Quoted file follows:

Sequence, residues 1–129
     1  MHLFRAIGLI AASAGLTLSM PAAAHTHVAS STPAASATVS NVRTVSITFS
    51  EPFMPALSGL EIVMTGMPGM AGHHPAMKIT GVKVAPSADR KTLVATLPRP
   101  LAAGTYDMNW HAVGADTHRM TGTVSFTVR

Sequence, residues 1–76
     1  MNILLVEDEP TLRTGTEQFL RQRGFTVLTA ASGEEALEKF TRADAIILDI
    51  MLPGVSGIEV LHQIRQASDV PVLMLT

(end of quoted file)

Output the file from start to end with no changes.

Sequence, residues 1–129
     1  MHLFRAIGLI AASAGLTLSM PAAAHTHVAS STPAASATVS NVRTVSITFS
    51  EPFMPALSGL EIVMTGMPGM AGHHPAMKIT GVKVAPSADR KTLVATLPRP
   101  LAAGTYDMNW HAVGADTHRM TGTVSFTVR

Sequence, residues 1–76
     1  MNILLVEDEP TLRTGTEQFL RQRGFTVLTA ASGEEALEKF TRADAIILDI
    51  MLPGVSGIEV LHQIRQASDV PVLMLT